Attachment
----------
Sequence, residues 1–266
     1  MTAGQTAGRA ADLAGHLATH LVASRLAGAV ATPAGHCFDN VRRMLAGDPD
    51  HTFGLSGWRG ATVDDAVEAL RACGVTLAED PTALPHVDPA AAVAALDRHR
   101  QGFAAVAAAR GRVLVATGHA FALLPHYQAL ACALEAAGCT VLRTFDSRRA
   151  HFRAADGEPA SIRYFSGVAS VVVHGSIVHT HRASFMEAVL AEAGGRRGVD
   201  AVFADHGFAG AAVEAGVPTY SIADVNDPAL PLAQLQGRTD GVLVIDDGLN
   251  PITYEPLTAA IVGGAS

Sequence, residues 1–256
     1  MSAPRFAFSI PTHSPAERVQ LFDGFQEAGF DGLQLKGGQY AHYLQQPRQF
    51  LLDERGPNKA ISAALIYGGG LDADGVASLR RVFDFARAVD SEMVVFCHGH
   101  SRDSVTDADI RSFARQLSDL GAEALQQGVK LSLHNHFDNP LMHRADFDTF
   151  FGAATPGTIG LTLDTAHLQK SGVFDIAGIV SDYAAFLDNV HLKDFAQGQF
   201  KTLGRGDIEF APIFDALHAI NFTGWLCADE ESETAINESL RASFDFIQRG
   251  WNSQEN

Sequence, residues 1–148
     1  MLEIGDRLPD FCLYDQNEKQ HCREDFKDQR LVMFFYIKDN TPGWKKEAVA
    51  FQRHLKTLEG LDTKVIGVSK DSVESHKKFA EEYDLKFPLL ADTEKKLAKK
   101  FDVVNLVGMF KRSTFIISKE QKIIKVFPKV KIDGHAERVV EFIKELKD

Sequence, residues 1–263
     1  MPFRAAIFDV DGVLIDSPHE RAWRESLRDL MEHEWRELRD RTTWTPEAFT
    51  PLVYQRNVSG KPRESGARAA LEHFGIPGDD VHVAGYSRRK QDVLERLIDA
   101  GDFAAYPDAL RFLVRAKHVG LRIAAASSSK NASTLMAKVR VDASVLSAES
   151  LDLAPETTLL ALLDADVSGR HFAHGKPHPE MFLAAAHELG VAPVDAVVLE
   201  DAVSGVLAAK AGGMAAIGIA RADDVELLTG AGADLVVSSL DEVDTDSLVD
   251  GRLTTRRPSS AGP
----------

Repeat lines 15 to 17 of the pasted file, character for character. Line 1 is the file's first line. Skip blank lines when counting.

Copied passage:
Sequence, residues 1–148
     1  MLEIGDRLPD FCLYDQNEKQ HCREDFKDQR LVMFFYIKDN TPGWKKEAVA
    51  FQRHLKTLEG LDTKVIGVSK DSVESHKKFA EEYDLKFPLL ADTEKKLAKK